ROBINS AIR FORCE BASE, Ga. --
This week the Robins Fire and Emergency Services at Robins Air Force Base, Georgia, received accredited agency status from the Commission on Fire Accreditation International at the Center for Public Safety Excellence Commission hearings in Denver, Colorado.
The Robins Fire department is now a part of a very distinct group.
According to CPSE, there are fewer than 400 agencies worldwide that have obtained CFAI accredited status.
“We are also proud to be the only fire department in Middle Georgia with this award,” said Forest Johnson, 78th Civil Engineer Squadron Fire chief. “This validates the department’s hard work to provide the best level of service to base customers. When people call 911 for help on base they are getting top notch service.
“Every second counts in an emergency. In this business, we see people when they’re probably having the worst day of their lives. So, it’s very important we are able to do what we do very efficiently and effectively.”
The Robins Fire department accreditation journey started in 2020. It typically takes a fire department 3-5 years to become accredited.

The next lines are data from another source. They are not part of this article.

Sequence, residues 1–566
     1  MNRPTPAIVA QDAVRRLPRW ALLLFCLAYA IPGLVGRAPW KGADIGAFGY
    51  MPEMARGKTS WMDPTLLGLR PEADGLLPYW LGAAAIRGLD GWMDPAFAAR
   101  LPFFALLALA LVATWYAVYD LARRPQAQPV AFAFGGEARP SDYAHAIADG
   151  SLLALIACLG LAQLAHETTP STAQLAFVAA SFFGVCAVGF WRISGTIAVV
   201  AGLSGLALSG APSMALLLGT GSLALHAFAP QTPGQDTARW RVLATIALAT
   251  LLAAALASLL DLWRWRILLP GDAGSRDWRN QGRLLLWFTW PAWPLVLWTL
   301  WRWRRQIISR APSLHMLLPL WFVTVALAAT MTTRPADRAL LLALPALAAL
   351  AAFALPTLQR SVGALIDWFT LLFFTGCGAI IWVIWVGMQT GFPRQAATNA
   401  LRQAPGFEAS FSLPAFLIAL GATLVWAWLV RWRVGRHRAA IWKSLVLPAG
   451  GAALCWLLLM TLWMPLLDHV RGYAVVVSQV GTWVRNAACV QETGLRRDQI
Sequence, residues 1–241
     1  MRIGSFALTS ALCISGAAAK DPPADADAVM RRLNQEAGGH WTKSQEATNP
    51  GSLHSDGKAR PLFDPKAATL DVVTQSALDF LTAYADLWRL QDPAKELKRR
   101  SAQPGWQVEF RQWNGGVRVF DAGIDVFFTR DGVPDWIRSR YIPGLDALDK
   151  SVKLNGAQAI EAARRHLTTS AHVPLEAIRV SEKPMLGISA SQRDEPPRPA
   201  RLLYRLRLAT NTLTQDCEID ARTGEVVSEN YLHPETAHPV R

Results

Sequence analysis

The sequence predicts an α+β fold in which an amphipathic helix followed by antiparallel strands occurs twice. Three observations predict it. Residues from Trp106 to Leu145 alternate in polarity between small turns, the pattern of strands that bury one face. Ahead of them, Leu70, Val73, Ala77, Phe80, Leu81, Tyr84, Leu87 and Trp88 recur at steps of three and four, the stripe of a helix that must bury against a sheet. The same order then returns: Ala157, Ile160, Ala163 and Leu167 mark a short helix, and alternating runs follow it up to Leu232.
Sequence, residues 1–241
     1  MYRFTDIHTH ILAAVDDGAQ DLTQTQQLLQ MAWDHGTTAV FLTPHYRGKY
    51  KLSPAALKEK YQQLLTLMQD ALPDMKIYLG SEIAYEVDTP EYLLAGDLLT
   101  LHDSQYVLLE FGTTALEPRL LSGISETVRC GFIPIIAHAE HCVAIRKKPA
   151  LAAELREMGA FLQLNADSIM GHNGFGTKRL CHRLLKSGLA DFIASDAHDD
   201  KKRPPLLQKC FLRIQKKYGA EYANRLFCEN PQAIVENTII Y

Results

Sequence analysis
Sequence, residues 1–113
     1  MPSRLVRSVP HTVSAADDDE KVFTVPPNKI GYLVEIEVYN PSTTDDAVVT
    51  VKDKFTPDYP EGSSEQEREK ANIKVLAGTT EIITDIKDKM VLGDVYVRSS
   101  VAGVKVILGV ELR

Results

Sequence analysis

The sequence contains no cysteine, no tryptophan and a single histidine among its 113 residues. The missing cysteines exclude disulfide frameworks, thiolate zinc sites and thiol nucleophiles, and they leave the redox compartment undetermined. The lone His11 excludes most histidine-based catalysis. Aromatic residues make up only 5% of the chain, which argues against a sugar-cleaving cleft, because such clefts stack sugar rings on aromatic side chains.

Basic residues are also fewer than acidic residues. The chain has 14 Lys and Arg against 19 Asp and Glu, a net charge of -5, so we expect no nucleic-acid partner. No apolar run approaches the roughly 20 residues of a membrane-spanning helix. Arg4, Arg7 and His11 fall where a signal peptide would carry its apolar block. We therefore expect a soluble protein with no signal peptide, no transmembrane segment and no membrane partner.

The accreditation model provides a comprehensive self-assessment and evaluation process that enables fire and emergency agencies to examine performance levels and compare them to industry best practices.
“We had to submit three years of data for review,” said Jeff Kinzer, 78th CES Fire captain and accreditation manager. “There were about a dozen categories for which we had to provide information about such as, response times, the number of hydrants on base or the kind and number of hand tools on each fire truck.”
The model examines 244 performance indicators that must be verified through an on-site peer review by CFAI subject-matter experts from around the nation.
“Our self-assessment documents were several hundred pages and the evaluators went through it page by page, verifying the information and making recommendations,” he said. “I know we have a good team here and it was worth going through the weeds, getting brutal honest feedback and coming out on top.”
Chief Johnson also welcomed being under a microscope.
“I wanted to be picked apart,” said Johnson. “It’s not personal and this is not a perfect world. If we are doing something wrong tell us and we will fix it. You don’t know what you don’t know and it’s their goal to make us better.”
There are more than 70 people who make up the Robins Fire Flight. They provide a wide range of support for services for structures, air craft, medical, technical rescue and hazardous materials incidents.
In order to maintain accreditation, the department will have to go through the process every five years.
“It’s a great thing with this accreditation,” said Marcus White, 78th CES Fire Public Information officer. “This will reassure our base populace and instill a sense of confidence we are capable and ready to respond to emergencies.”